Sparrow with Bluebell

The proper identification of this red-headed or rusty-headed bird continues to churn me, not only in my daylight hours, but also as I lie awake at night.  For the moment, the species identification includes: Rufous-winged Sparrow, Field Sparrow, immature White-crowned Sparrow.  (Probably another possibility looms in the Peterson’s.)  Factor analysis must wait, however, until I get some chores out of the way today. I will, however, cease all toil if I see these guys again so I can focus.  Thanks to Caralee, Rubia, Montucky and others that have further focused my attention on identification.

Here is a closeup of the Bluebell bell flower.  I discovered a patch thirty-by-twenty feet in size, east of the barn.  Walked right over the patch without noticing at first, saw this flower, bent down and looked around and there was the patch of bell flowers.  I wanted to get a closeup of the flower, so here it is.  I have seen field biologists on their hands and knees with a camera, snapping pictures.  Since I have this goal of taking pictures of every species of wildflower on the ranchito for one year, I best start kneeling with knee pads on?

Below is a wide shot of the Bluebell bell flower patch I discovered.  As you can see, the flowers are quite small, barely discernible in the photo as they are in the field.  You will have to click on the photograph to enlarge in order to see the flowers.  Looks like a lawn of sorts, but it is not.

I am off to the barn and field. I will be looking for the sparrow and flowers. The sun is shining and the temperatures are forecast in the upper 70s, lower 80s.  I shall pace myself.


Filed under Birds, Flowers of Flying Hat

11 responses to “Sparrow with Bluebell

  1. Val

    It looks like it’s a white-crowned sparrow. Here’s a link that has a photo 3rd photo from top) that looks like it and it says that in their first winter they have rufous brown head stripes.

    • I see that, Val. I am going to do a factor analysis before too long and see if I can narrow the list of possibles. I have a lot of white-crowns here. Thank you for your comment.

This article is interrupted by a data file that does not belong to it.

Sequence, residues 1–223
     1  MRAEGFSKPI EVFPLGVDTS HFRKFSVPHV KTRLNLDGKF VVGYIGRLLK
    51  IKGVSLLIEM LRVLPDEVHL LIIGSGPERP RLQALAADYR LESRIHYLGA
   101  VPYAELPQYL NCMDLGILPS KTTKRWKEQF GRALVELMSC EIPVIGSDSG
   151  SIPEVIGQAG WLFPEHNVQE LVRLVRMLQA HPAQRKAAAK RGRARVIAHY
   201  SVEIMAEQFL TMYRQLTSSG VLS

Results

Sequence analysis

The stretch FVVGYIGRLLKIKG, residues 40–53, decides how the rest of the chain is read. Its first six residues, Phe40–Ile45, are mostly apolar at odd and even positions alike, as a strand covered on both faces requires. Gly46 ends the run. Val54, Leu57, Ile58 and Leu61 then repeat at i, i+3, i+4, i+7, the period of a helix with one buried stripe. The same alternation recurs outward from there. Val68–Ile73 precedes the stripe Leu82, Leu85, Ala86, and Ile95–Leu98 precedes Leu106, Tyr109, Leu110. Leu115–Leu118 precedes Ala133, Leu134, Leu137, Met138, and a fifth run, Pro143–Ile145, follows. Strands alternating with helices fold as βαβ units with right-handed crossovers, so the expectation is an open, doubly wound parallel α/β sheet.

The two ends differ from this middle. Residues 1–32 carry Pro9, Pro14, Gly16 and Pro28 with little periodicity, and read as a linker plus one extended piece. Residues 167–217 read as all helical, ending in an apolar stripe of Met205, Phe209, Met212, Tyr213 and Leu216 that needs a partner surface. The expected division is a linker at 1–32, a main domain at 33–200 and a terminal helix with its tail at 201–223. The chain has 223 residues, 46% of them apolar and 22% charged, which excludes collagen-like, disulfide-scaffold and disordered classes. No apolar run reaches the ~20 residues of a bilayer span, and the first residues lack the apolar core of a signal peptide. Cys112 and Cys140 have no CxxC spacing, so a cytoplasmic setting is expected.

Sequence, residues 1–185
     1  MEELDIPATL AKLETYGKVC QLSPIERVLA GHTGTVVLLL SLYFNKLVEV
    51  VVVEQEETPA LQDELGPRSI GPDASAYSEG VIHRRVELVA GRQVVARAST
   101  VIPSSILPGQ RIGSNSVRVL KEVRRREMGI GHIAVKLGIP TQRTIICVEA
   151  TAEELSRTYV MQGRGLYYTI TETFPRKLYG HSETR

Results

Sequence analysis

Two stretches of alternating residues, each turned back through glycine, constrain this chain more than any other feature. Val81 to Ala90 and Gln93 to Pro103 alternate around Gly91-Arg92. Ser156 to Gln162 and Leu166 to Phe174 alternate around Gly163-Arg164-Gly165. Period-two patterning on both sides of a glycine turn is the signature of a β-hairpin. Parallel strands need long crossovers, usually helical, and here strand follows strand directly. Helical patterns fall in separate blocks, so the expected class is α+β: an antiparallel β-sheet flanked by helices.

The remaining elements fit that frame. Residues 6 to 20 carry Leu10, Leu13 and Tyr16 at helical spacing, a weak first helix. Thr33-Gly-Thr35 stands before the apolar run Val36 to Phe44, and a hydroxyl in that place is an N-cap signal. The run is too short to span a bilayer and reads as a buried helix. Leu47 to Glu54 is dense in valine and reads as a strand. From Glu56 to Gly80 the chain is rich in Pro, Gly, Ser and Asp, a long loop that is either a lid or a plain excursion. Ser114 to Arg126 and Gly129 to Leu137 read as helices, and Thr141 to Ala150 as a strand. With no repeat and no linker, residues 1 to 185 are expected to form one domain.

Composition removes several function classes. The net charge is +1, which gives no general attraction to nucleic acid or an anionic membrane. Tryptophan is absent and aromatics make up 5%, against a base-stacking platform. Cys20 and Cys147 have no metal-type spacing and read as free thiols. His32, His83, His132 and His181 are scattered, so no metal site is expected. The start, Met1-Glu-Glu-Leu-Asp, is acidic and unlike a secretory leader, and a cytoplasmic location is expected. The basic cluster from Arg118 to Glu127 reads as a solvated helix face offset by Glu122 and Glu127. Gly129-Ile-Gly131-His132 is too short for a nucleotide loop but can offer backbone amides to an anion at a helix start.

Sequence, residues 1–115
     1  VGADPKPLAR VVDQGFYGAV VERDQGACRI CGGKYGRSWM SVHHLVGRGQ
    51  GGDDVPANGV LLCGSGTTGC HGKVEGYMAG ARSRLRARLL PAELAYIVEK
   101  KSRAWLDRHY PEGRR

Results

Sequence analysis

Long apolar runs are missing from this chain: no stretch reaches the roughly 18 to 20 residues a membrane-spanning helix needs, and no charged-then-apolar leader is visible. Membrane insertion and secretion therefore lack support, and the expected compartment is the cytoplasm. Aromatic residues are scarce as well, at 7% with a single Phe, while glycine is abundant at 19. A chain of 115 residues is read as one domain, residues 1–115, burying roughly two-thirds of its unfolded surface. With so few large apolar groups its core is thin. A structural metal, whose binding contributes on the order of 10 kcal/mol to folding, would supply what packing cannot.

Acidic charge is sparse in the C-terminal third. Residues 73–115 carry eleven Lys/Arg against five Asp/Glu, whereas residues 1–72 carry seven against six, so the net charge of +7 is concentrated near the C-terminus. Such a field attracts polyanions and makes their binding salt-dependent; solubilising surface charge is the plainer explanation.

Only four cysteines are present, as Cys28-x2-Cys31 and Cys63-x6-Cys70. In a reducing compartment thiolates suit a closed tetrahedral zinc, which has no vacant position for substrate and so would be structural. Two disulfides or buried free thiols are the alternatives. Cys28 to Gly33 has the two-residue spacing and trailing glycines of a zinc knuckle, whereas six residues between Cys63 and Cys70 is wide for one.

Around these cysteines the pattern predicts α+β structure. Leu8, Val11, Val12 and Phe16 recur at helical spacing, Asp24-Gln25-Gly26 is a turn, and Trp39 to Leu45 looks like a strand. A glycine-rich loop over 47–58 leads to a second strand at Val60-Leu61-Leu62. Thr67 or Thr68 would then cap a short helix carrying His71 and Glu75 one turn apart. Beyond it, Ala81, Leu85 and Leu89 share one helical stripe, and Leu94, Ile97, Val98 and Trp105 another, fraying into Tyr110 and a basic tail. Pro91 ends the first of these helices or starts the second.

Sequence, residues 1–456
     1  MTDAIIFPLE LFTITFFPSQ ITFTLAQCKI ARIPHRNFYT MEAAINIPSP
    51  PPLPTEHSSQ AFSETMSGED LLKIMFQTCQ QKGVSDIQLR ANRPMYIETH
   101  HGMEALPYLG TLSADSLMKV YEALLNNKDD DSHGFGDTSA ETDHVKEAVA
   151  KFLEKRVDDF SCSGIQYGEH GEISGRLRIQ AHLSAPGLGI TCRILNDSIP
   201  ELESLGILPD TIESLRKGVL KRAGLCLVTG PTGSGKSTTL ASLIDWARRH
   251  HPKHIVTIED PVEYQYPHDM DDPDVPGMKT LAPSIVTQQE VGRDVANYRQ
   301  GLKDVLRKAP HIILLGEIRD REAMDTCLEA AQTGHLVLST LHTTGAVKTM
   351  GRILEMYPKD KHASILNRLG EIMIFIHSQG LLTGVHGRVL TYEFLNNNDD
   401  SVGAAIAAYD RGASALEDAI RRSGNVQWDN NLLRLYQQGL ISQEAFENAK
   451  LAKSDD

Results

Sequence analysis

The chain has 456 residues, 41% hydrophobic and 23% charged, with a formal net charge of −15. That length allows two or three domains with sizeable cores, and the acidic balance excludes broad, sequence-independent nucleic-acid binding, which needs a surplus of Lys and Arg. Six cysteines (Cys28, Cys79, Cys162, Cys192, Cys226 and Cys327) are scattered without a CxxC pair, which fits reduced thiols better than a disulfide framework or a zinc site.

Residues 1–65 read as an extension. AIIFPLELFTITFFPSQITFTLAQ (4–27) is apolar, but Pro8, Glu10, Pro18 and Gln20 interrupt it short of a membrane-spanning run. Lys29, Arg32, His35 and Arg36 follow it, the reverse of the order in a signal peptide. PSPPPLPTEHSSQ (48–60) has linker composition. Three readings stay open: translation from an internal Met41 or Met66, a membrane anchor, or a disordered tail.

2. Yup, rump up, knee pads on!

  3. Do Texans wear knee pads? Somehow that vision is destroying my romantic ideal of Texans. Please say you wear chaps and not knee pads.

    • I will wear chaps if there is any wearing of extra protection. Farrier chaps are good. They are shorter, cut to just below the knee. I certainly don’t want to destroy the ideal of Texans and their toughness. I read that all cowboys over 40 years should have their photos in black and white, not color. I agree. Some of us age well, some of us are well beyond rugged to almost ugly 🙂

  4. I believe this is a lark sparrow, a common grass land bird that inhabits Texas and much of the west, but without an exact size it’s hard to tell.
    Nice bluebells, they do make a superior ground cover, don’t they?

  5. Oh, ants! You should see our fire ant mounds now, since we’ve had our four inches of rain. Terrible.

    The bluebell is beautiful. Ground covers are so nice. I have a friend who was terribly proud of her Virginia Buttonweed, until her neighbors informed her they didn’t appreciate the threat she presented to them!

    • Thank you. Those Bluebells are closed for the evening. I’ll have to look up Virginia Buttonweed. ‘Tis a weed? Fire ants have not come out, now that you mentioned it. How could I have missed that?

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